“Plato argues in the Symposium that Love is not beautiful, because Love desires beauty, and we do not desire what we already possess. Love is a love…of something, says Plato.”

                  • thomasbrady said,

                    February 12, 2012 at 1:44 pm



                    Not in my Republic

                    • R said,

                      February 12, 2012 at 4:27 pm

                      I was referring to the line, “an angel doesn’t make love, an angel is love” – not suggesting Barbarella for anyone’s Republic.

                    • thomasbrady said,

                      February 13, 2012 at 2:48 pm

                      Thanks, R. Just quote next time. Videos are a time-suck. That “angel” was absurd. If you’re looking for Plato dramatized, check out Shakespeare…

            • Ashu अशु said,

              March 14, 2015 at 6:13 am

              [But whether in prose OR poetry,”difficulty” can never in itself, be proof of ANY merit whatsoever.]

              There’s nothing objective about such an assertion. At a certain period of Sanskrit poetry, linguistic and stylistic difficulty was considered an adornment and merit to be cultivated FOR ITS OWN SAKE. At least one poet boasted that no one would be able to read his poetry without his own accompanying prose commentary. I know: different culture, different literature. But different cultures and literatures, like different races, aren’t fundamentally that different. I mean, look, the most influential school of English poetry in the twentieth century, whose continuing influence you lament, proclaimed exactly the same aesthetic. You tend to make the mistake of imputing objectivity to your tastes, but this is among the commonest intellectual failings — another universal.

              • thomasbrady said,

                March 14, 2015 at 11:46 am


                Common sense logic, though, tells us that “difficulty” is never an end, though it perhaps may describe the means to an end; yet we cannot want the means; we can only want the end. Therefore “difficulty” is never something we want, because even if we wanted it, it would be difficult to get, and we would already have it—therefore it cannot ever be something to have, or want. Priesthoods like difficulty for its own sake, as do bad teachers. But not me.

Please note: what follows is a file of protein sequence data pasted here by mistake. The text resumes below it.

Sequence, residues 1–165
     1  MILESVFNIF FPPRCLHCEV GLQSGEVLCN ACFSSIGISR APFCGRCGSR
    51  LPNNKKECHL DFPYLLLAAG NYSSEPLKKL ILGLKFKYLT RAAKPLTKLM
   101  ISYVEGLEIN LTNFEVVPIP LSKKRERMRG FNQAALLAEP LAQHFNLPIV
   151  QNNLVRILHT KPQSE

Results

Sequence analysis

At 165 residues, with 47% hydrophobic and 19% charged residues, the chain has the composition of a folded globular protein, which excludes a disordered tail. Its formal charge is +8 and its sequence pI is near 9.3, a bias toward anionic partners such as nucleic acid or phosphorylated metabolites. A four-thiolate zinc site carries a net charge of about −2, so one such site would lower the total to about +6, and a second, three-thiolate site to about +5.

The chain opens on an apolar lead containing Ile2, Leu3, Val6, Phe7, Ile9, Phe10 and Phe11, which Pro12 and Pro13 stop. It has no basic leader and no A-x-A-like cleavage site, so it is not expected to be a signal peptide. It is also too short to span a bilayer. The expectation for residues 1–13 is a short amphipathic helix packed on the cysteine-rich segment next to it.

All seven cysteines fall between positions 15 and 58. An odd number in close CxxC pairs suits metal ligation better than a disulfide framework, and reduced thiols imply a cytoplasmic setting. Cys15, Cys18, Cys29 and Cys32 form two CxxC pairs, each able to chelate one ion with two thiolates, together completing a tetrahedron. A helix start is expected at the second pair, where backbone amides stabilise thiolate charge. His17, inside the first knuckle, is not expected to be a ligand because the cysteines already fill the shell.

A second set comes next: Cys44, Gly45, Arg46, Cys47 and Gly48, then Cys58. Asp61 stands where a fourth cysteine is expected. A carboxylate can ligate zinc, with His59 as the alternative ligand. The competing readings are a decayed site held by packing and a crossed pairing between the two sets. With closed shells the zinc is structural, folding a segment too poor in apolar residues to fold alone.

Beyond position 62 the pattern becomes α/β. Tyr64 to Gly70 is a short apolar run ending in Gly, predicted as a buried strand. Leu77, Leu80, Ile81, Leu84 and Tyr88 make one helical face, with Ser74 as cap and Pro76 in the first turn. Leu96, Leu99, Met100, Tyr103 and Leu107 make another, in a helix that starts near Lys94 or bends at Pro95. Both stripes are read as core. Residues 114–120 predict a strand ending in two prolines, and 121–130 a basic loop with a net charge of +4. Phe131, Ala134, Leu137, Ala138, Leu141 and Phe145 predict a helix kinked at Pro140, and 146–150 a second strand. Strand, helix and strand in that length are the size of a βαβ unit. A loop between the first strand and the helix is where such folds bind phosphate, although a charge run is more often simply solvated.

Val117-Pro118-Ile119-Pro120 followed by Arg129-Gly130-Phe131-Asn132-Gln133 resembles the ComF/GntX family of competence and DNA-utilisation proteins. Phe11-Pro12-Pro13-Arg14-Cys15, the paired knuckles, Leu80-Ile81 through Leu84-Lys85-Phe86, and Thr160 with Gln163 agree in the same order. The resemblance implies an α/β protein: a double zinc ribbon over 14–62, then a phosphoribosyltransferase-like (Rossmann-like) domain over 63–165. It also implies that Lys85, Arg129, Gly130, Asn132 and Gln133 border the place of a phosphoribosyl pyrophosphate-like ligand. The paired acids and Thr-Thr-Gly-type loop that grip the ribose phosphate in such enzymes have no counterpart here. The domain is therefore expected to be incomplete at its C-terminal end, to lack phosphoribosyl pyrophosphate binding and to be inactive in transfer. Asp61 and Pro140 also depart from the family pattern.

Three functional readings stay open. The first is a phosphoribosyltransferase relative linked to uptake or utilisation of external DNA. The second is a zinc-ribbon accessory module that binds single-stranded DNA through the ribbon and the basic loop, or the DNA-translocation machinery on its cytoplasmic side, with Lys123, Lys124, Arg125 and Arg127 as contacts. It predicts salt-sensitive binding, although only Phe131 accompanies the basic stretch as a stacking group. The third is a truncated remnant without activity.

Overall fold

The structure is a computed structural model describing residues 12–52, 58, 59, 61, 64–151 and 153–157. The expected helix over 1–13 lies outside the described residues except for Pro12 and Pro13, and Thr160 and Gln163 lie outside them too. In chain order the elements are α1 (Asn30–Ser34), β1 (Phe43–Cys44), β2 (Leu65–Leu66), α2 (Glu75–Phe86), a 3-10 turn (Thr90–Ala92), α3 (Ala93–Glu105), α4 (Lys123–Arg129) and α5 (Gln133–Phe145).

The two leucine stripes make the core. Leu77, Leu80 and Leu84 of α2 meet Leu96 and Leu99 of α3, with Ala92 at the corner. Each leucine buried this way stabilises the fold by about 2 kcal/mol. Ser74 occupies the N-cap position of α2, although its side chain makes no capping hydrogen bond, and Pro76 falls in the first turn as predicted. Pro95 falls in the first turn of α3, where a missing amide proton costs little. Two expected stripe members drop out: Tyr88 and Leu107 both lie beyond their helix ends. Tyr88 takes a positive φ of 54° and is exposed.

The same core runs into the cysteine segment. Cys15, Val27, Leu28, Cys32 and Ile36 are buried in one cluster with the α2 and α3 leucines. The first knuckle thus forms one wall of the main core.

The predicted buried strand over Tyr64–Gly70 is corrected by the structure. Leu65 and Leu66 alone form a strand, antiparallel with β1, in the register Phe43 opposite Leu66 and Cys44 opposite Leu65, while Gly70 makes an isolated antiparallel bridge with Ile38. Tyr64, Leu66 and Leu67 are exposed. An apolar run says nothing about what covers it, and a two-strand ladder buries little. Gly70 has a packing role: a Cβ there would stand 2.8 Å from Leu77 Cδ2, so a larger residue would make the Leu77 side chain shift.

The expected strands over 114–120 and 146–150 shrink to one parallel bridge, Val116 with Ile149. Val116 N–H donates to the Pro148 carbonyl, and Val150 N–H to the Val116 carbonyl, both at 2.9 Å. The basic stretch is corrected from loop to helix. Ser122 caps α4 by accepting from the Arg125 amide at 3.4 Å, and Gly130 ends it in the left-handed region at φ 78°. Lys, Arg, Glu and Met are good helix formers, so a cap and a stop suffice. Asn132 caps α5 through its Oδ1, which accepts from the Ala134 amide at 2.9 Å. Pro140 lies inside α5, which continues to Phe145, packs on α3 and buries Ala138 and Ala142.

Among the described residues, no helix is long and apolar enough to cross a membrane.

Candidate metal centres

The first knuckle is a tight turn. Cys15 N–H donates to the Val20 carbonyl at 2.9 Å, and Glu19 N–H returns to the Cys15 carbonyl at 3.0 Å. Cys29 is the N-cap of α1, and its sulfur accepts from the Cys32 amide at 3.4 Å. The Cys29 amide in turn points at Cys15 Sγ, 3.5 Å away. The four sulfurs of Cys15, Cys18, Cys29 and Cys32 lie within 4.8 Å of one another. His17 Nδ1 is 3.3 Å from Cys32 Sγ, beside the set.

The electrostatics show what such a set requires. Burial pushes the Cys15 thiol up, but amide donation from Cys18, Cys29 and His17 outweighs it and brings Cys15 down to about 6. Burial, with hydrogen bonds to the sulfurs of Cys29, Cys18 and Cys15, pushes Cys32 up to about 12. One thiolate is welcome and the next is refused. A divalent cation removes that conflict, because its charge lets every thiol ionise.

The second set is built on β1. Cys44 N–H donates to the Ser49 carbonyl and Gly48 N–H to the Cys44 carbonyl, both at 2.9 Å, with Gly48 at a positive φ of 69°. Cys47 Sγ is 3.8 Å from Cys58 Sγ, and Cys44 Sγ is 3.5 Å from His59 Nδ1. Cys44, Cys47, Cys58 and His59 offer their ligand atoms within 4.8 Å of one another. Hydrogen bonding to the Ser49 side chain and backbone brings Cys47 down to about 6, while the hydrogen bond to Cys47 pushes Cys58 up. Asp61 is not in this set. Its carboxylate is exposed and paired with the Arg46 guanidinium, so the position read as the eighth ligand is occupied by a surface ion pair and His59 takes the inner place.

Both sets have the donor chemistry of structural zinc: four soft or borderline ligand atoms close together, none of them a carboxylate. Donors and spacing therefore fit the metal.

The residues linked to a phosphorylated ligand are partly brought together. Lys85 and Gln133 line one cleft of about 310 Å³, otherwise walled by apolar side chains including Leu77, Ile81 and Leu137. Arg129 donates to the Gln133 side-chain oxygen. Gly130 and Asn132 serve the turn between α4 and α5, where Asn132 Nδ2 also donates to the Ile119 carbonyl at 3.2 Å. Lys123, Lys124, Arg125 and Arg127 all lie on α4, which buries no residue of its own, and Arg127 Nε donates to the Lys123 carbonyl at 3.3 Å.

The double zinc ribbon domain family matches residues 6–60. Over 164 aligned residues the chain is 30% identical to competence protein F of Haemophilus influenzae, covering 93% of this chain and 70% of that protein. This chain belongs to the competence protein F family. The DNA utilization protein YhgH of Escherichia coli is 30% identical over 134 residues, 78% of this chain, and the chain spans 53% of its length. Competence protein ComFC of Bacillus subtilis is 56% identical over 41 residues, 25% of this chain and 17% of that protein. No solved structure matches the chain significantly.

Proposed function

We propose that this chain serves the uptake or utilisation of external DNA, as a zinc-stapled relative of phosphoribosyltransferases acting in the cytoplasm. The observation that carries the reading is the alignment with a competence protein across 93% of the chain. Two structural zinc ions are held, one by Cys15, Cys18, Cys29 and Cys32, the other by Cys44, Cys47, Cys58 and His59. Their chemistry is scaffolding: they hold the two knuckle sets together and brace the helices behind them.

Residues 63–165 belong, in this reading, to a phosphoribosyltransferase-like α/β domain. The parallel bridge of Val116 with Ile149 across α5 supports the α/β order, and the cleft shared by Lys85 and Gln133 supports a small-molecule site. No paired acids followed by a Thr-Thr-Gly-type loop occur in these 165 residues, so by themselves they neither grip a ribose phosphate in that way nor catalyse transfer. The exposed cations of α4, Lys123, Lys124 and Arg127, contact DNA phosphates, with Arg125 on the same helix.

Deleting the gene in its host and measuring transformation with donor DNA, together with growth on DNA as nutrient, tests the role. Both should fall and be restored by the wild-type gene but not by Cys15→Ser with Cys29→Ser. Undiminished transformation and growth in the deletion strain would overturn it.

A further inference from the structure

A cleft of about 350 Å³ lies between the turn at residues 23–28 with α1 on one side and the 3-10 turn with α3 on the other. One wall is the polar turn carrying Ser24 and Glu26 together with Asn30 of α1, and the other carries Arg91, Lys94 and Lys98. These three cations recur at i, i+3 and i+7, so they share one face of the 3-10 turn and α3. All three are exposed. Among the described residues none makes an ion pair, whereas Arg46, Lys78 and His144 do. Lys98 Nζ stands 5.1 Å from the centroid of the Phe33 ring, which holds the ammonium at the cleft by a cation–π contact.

• February 9, 2012 at 3:52 pm

          And, as noted earlier, I suspect the heart of the issue is nothing to do with poetics and everything to do with rivalries and factions within the British poetry society.

          I could make an argument for “poetry should be difficult.”

          But were I to do a close reading of the Hill-Duffy spat, I would probably reach the most Harold Bloom-esque of conclusions: “just some public sniping.”

  5. February 8, 2012 at 3:48 pm

    Also, I would call Anne Carson the greatest living poet. You might disagree. In fact, you probably do.

    But I love her work. It’s my opinion. I have my reasons. Some you might consider good reasons. Others, stupid reasons.

    I suspect that it’s true, a good many people have that same opinion about Hill. They, too, have their reasons.

    • thomasbrady said,

      February 9, 2012 at 2:03 am

      Really? Anne Carson has never done anything for me.

      • February 9, 2012 at 3:46 pm

        She’s someone who really speaks to me.

        But I understand that the academically informed, close reading that is at the heart of her book ‘Nox’ (not my favorite of her collections, but still very good) could be construed as being exactly what Scarriet rails against.

  6. David said,

    February 8, 2012 at 4:58 pm

    i just read Anne Carson’s “Book of Isaiah”. That’s wild stuff. Difficult, but in kind of a fun way.

  7. Dawn Potter said,

    February 8, 2012 at 6:28 pm